Wednesday 5 December 2012

Marriage Lines by Julian Barnes

Do you often cry when you're reading? Maybe I'm hard hearted because, although frequently affected by the words on a page, I rarely burst into tears (a recent exception being Uncle Tom's Cabin). I wonder whether it has something to do with being able to sneak a glance ahead and pace yourself if you can see an emotional maelstrom's on the way.

Whatever the reason, I find listening is a whole other world. As a Radio 4 addict, I often catch a short story on the afternoon school run and get caught up in the narrative - unable to control its tone of voice or slow down the delivery. One such story which sticks in my mind is Marriage Lines by Julian Barnes. I think I probably heard it back in 2007 and was crying so much by the end I had to pull over! I quickly tracked it down in print but have only just got round to buying it, mainly because I was afraid of being disappointed, after such a reaction, with what I read.

Marriage Lines is one of the short stories in the 100th edition of Granta, edited by William Boyd. Granta 100 is a treasure trove of literary nuggets, with stories by the likes of Salman Rushdie, Doris Lessing and Allan Hollinghurst to name but a few. I have to admit I haven't read them all yet, but I'm really enjoying having something of such quality to dip into. Of course, it was Marriage Lines I turned to immediately, as soon as the book-shaped package plopped on to the doormat.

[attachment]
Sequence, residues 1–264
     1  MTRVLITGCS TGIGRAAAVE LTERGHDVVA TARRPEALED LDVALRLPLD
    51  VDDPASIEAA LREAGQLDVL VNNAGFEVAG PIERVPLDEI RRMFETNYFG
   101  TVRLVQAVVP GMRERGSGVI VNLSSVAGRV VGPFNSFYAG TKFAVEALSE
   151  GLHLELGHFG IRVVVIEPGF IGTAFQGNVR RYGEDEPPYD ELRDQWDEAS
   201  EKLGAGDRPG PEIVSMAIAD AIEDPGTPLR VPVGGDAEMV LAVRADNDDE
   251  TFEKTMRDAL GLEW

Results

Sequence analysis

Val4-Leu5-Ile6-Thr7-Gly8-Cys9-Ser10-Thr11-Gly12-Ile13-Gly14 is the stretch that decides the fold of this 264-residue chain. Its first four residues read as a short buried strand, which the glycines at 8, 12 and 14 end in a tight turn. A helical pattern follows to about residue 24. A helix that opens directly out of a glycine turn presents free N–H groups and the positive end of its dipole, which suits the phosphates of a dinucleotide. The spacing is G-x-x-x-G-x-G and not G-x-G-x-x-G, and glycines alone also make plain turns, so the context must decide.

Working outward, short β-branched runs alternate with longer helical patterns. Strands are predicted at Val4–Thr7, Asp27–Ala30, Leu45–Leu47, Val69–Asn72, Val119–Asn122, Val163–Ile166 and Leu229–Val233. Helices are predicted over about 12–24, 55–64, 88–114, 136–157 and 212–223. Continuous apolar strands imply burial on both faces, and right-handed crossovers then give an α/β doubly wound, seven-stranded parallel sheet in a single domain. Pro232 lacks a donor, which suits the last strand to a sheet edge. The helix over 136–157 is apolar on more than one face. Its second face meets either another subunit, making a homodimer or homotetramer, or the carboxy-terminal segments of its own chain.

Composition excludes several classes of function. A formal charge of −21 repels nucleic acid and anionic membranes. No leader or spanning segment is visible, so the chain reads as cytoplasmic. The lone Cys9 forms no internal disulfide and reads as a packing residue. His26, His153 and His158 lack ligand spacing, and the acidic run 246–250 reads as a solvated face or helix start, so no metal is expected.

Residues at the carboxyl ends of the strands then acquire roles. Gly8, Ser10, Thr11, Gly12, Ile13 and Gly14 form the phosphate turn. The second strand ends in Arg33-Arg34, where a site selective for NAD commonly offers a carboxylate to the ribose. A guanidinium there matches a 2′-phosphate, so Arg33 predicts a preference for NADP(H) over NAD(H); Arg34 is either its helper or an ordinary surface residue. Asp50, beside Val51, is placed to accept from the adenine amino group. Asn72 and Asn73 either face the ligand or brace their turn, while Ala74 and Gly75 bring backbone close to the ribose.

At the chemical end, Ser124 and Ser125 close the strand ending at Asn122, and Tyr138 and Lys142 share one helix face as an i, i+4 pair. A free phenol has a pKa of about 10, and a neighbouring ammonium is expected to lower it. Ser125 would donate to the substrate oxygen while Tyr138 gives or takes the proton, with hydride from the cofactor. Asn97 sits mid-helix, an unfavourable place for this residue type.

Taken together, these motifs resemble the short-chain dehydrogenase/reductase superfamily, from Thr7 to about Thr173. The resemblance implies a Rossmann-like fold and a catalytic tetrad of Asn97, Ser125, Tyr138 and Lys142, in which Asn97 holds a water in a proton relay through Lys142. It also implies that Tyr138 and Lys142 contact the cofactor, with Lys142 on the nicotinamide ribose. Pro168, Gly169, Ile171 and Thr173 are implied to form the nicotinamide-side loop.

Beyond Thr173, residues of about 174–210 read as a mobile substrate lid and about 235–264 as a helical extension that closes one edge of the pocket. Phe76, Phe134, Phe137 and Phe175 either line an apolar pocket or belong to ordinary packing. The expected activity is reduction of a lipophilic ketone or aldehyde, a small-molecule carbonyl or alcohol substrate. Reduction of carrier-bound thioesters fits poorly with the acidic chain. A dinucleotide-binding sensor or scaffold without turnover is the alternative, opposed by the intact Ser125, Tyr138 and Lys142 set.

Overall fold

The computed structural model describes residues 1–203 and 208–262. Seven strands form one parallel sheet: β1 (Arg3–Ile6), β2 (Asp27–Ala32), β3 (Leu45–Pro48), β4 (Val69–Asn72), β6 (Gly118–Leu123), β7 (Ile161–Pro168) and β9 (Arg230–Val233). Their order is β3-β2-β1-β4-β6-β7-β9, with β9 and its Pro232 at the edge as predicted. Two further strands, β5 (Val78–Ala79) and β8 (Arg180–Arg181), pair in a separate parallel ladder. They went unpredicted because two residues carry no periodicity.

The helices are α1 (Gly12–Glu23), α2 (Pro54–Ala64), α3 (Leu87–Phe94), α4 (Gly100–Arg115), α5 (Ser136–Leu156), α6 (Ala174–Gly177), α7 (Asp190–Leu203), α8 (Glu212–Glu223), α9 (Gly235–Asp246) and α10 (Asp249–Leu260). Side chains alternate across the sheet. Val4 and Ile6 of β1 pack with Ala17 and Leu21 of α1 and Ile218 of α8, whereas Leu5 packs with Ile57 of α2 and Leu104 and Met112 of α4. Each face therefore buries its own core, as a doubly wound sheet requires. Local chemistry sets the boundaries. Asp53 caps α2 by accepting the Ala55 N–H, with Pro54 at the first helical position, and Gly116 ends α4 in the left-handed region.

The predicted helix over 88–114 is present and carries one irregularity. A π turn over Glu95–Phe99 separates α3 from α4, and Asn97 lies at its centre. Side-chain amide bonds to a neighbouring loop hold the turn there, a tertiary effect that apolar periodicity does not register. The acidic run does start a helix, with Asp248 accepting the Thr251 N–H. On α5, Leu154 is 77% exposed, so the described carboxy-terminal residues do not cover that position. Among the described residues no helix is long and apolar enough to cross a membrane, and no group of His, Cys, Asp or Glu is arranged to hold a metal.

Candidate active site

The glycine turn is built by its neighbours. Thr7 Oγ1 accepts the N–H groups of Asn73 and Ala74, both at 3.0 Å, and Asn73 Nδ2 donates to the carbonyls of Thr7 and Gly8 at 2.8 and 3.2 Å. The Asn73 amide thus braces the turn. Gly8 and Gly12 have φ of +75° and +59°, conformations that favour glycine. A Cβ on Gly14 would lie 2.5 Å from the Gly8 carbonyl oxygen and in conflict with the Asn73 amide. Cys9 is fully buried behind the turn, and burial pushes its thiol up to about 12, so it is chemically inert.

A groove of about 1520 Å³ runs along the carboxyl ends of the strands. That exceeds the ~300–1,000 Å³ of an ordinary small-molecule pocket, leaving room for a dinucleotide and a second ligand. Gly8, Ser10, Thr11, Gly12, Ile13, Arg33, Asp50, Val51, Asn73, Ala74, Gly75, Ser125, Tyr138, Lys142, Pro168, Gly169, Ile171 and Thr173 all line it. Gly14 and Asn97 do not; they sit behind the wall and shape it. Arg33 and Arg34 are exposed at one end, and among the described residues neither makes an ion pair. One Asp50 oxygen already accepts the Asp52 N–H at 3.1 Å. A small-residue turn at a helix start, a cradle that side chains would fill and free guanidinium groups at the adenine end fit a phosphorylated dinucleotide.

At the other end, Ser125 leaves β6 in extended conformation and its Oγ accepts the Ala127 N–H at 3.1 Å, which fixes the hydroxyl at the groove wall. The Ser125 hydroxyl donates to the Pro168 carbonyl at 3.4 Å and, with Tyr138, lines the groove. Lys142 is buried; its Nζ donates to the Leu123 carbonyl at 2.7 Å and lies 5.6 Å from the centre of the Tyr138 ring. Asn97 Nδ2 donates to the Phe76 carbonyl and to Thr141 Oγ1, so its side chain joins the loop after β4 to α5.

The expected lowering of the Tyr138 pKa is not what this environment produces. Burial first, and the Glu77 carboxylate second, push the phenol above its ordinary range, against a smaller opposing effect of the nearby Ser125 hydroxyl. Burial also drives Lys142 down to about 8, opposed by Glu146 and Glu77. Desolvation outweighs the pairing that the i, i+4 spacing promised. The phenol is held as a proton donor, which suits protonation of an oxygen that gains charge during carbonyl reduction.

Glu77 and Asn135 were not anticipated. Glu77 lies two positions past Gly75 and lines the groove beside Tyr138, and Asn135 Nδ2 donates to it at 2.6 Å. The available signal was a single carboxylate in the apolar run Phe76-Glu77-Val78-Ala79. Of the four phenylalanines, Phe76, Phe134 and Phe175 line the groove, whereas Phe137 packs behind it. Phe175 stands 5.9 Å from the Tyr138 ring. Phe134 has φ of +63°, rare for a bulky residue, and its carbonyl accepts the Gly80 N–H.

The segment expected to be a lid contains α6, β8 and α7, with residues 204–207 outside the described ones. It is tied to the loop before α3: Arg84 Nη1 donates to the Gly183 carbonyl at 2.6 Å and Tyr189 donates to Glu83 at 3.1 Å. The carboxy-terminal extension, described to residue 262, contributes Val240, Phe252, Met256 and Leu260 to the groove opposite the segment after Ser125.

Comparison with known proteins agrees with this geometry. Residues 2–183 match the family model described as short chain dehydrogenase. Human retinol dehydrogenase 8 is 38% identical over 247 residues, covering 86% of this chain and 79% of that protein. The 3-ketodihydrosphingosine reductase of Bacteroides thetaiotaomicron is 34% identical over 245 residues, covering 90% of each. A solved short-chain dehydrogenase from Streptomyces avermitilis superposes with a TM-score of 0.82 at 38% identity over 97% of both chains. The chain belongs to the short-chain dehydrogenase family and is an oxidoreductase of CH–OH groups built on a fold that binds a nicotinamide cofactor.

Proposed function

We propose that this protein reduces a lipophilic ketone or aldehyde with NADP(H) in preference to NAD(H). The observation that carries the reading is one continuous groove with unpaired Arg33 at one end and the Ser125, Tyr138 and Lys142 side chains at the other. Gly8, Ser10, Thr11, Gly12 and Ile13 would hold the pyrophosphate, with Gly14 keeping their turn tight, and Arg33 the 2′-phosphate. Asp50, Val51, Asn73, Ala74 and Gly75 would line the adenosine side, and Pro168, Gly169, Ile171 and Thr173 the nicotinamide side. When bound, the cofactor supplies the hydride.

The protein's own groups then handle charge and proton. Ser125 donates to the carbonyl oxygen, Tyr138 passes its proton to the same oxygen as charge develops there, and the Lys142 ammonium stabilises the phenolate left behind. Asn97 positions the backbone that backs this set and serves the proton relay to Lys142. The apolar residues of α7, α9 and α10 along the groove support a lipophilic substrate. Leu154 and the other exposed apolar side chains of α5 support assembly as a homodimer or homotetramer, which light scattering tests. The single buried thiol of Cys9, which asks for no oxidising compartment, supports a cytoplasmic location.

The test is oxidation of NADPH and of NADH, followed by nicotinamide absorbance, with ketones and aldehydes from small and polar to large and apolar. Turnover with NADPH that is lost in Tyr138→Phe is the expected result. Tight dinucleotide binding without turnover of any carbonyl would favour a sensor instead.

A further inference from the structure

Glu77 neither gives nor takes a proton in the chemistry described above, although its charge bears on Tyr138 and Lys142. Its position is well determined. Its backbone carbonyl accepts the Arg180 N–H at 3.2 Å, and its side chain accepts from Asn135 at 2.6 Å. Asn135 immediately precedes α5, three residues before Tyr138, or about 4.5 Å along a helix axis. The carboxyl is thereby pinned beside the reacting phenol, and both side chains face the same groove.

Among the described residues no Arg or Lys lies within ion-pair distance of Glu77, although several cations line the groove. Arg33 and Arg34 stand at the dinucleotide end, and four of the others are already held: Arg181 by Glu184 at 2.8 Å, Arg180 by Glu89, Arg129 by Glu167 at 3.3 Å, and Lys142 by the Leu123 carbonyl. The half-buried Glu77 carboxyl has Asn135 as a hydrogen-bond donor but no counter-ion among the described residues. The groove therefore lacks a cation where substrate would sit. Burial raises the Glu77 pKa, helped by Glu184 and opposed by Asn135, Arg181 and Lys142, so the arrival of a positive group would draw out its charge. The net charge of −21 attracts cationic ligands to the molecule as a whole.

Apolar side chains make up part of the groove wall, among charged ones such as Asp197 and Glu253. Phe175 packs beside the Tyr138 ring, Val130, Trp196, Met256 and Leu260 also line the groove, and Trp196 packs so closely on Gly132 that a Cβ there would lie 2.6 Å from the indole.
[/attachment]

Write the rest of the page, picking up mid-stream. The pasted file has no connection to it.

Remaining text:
Marriage Lines opens with a Twin Otter landing on a Hebridean island and immediately you sense that the author knows this journey and this place intimately. The island is not named (although you can identify it from its landmarks) and nor is the subject of this story.We learn little of his everyday life but what we do learn is that his situation has changed.Waiting to collect 'their' luggage

 They, their, he knew he must start getting used to the singular pronoun instead. This was going to be the grammar of his life from now on.

He and his wife have been visiting the same small bed and breakfast establishment for twenty years or so, and in the history of their stays there lies the narrative of a marriage, the lines which hold it together but might also tear it apart. Bird-watching, flowers, clam-digging, the zigzagged pattern in a grandfather's sweater. The dignity and restraint of their hosts Calum and Flora, their few words but many small, kind deeds, is mirrored in the pared-down precision of the prose. By the closing paragraph there is an enduring sense that the traditions and constancy of this island, like the marriage itself, may be about to change, but not before imparting a final insight.

So did I cry upon reading this story for the first time? No, because I guess I knew what was coming. But this doesn't mean it was a disappointment. Far from it - I found I admired Marriage Lines all the more for the quality of its telling laid bare upon the page. No flashy literary showing off like his contemporaries Ian McEwan or Martin Amis: Barnes is the master of what is left unsaid, allowing you to fill in the gaps for yourself. But Marriage Lines should come with a warning; it may just leave your kids waiting in the playground for their red-eyed parent to pick them up...

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